Le tout debut c'est d'avoir un modele mathematique precis - sans ca, Maple ne peut pas vraiment aider.

You don't need all the calls to assume to generate the same ''problem''. The issue here is that the powering operator (^) is a data-structure constructor which does not automatically "do" anything. Your various calls *return* a call to that constructor.
`sqrt`

on the other hand is a Maple function, which does do computations - and knows that sqrt(4) = 2. The fact that Maple *displays* them the same is certainly a huge source of confusion for many users, including advanced users.
`simplify`

just happens to know that the data-structure constructor (^) corresponds to 'powering', and so can apply various rules of powering. But that is really a sledge-hammer.

`has`

is a purely syntactic check. Its only advantage is that it is very fast.
`depends`

is a partially semantic check, in that it rules out "dummy variables". Many things in Maple act like binders. The obvious ones and `sum, Sum, int, Int`

, but so do the 2-argument versions of `eval`

(and its inert cousin, the rarely used `Eval`

), the integral transforms, `ztrans`

, and so on. Probably some stuff in the new packages are binding operations too, yet depends does not seem to know about all of these (yet).
Of course depends is not fully semantic, since in general 'dependence' is undecidable (it can be reduced to zero equivalence). So depends chooses a useful middle ground.

Have you looked at GF[ConvertIn] ?

First, I would 'float out' the Heaviside/min/max functions out, to completely separate out the geometry and the algebra. Then, one can apply techniques from computational commutative algebra for the intersection of algebraic surfaces, and various other techniques to deal with the geometry.
As others have asked, an actual example would help a lot.

See

this blog post" for a link to how older software often seems to perform better than newer.
Clearly a lot of effort has been put on new innovative features in Maple 11 -- but less on ensuring that the old features work at least as well, if not better, than they used to.

If lb was a local in the computation that generated this result, then it will not be equal to the global 'lb'. Also, if the original lb contained assumptions (but was global), it can be tricky to save it, re-read it in, and then use subs on it.
You might be better off using unapply and saving a procedure rather than an expression.

This case had no nesting, so a pure select with type as Shivnorr points out [and is rightly indignant at seeing 'hastype' recommended]. More generally, this can be done with `indets(k,'sqrt')`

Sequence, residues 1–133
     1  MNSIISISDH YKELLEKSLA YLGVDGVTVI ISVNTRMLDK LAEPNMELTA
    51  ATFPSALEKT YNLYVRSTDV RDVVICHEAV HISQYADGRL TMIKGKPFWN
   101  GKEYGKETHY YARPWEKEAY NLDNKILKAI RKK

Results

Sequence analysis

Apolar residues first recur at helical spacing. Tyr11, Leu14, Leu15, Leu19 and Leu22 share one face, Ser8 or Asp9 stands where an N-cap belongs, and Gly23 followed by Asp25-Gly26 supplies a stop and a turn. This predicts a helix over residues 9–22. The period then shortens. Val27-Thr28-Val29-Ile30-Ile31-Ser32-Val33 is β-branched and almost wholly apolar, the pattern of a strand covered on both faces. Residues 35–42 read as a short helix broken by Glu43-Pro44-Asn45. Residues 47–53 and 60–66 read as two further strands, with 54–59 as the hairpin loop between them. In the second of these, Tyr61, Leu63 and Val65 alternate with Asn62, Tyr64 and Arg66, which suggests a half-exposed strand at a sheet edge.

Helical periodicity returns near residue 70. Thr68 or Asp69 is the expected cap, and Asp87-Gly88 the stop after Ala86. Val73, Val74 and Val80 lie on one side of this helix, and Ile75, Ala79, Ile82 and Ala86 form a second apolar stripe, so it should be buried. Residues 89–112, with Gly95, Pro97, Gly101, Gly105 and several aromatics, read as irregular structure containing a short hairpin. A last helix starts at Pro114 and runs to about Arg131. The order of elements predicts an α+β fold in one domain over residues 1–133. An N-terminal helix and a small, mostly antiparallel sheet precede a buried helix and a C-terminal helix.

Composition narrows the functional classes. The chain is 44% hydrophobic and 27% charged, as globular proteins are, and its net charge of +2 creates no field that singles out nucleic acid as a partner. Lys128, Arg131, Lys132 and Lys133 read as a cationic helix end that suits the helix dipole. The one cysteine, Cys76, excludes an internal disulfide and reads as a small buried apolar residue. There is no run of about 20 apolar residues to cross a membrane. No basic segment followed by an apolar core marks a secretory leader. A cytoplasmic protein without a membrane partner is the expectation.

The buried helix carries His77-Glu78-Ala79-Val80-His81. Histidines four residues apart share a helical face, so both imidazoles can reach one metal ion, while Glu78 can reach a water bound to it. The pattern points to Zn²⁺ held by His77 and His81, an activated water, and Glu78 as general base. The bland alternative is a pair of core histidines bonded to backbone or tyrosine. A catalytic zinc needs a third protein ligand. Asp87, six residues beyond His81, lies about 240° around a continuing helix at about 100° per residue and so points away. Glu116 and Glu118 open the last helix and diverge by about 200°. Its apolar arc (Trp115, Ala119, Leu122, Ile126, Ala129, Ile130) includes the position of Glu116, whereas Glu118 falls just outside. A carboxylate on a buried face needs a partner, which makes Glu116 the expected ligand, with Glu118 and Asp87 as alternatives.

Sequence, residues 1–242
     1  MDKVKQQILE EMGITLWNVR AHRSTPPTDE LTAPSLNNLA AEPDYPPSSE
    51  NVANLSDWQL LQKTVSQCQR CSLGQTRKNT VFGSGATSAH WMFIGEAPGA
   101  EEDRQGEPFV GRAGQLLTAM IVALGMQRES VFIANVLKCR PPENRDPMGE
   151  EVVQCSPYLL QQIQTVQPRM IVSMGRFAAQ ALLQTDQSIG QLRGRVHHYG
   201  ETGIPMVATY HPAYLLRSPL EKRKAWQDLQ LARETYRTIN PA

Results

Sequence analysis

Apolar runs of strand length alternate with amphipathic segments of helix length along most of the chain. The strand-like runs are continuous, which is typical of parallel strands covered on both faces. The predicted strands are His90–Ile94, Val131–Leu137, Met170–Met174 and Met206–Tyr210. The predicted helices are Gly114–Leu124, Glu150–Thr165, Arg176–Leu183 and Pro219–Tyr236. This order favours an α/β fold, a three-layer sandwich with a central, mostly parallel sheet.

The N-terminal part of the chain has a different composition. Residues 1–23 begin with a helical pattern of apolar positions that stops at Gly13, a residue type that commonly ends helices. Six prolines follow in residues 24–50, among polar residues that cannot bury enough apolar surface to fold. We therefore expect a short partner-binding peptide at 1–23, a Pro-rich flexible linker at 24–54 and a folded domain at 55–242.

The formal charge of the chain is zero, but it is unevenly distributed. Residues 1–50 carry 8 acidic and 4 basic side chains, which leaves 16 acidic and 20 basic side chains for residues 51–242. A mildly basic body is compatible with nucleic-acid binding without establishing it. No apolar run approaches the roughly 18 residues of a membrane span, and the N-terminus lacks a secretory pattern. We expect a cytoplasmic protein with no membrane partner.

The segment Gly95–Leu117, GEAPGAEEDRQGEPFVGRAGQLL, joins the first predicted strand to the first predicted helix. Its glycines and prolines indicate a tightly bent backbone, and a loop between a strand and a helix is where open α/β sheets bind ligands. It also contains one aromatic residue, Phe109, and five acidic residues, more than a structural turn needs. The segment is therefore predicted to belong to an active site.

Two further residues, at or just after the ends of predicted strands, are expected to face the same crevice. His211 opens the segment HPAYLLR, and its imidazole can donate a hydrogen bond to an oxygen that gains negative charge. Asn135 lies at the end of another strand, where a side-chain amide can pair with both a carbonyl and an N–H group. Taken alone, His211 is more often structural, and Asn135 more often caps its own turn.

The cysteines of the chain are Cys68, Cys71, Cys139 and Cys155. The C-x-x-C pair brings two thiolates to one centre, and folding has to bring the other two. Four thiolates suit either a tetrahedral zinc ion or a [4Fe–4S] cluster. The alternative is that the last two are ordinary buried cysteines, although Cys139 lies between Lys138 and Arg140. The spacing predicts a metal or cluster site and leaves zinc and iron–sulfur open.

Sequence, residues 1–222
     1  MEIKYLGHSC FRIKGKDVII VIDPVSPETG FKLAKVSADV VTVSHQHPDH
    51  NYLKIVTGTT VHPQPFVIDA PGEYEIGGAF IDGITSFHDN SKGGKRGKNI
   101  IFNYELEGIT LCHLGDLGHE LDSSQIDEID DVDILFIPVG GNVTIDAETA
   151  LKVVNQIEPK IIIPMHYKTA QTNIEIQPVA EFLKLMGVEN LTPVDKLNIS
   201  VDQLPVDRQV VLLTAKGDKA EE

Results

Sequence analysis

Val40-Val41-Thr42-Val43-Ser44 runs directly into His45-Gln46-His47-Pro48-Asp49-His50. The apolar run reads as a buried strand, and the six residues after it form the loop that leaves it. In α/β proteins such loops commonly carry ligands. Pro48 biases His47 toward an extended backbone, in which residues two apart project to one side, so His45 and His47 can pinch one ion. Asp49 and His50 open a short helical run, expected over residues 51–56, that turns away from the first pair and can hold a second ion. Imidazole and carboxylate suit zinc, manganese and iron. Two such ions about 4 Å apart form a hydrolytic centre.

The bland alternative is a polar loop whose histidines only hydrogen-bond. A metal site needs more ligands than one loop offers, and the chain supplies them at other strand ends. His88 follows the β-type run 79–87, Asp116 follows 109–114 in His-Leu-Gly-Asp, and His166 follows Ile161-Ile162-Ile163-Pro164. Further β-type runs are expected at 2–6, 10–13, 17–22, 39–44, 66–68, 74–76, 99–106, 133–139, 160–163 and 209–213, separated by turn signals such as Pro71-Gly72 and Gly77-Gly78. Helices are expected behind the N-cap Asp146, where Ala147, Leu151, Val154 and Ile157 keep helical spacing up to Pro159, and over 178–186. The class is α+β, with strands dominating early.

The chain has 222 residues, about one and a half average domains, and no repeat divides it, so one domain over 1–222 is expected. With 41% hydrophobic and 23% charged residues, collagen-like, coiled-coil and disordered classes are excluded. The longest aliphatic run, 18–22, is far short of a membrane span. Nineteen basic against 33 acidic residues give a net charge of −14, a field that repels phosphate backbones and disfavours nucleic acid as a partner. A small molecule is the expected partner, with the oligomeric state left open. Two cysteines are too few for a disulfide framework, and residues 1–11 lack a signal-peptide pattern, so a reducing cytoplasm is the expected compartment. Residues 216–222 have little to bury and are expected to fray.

which will "pick out" the sqrt function(s). Try it on
sqrt(1+sqrt(x)) + sin(sqrt(y))-exp(x^2+y^2) to see what I mean.

Appears to be in `int/cook/IIntd1`, which is a pattern-matching routine. Doing
infolevel[int] := 10
clearly shows that this routine notices that there is something fishy going on, but apparently the 'fix' is incomplete. This code appears to be trying too hard to give (finite) answers, and does not detect that this particular integral is definitely divergent.
A quick indefinite integral + limits shows that the ``answer'' is really infinity - a^2, which for all finite a is just infinity.

Try using 'worksheet mode' instead of 'document mode' in the GUI [or use Classic] and &^ will work fine. This is a bug in the GUI, where &^ is not recognized as a token by the equation editor.
Or you can enter it awkwardly as
##### &\^ #### mod ###

Since so many people had such fun with functional solutions to this problems, I figured I would give an imperative version, but based on generators. The version below is nice because it is conceptually easy to understand.

tt := proc(LL) local T, Q, i;
T := combinat[cartprod](LL);
Q := table();
for i from 0 while not T[finished] do Q[i] := `+`(op(T[nextvalue]())) od;
convert(Q,'list');
end proc;

Challenge: can a version using foldl but

not seq be done?

The problem seems related to declaring b and v to be global, and then also assuming and unassigning them, all in the same procedure.
Now, I tried to make your procedure more Maple-like, but eventually gave up since I did not really know exactly what you were trying to achieve. Which brings me to the real question: what are you really trying to do here?

You probably are in the case where a,b and c are positive - so tell Maple! You will find that
`assume(a>0, b>0, c>0); simplify(ln(a*b^c));`` works like a charm. It just happens to be that that ``simplification'' is false in general, so Maple quite rightfully refuses to do it.`

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Another thing to look into is applying `codegen[prep2trans]`

(ie 'prepare to translate') first. This routine takes care of dealing with many issues that foil codegen (and CodeGeneration).

Robert is correct that this conversion is (still) done by the automatic simplifier, so that it is pretty much impossible to stop that from happening. There are hacks one can use to be able to *display* such a thing, but these are not really viable since the resulting expression no longer 'composes' with anything else.
In this case, `combine`

encounters the same problem. I would not be surprised if some of the combine code actually did try to perform what you want, only to be foiled by the automatic simplifier.
The reasons for this lie in the very distant past, and the reasons had something to do with efficiency (on a Honeywell machine that would probably make your cell phone look like a supercomputer). Some of these issues have been fixed in Maple (Maple V Release 2 and Maple 6 coming to mind), with a few more smaller issues stealthily fixed in Maple 8 (?), but as you can tell, some remain.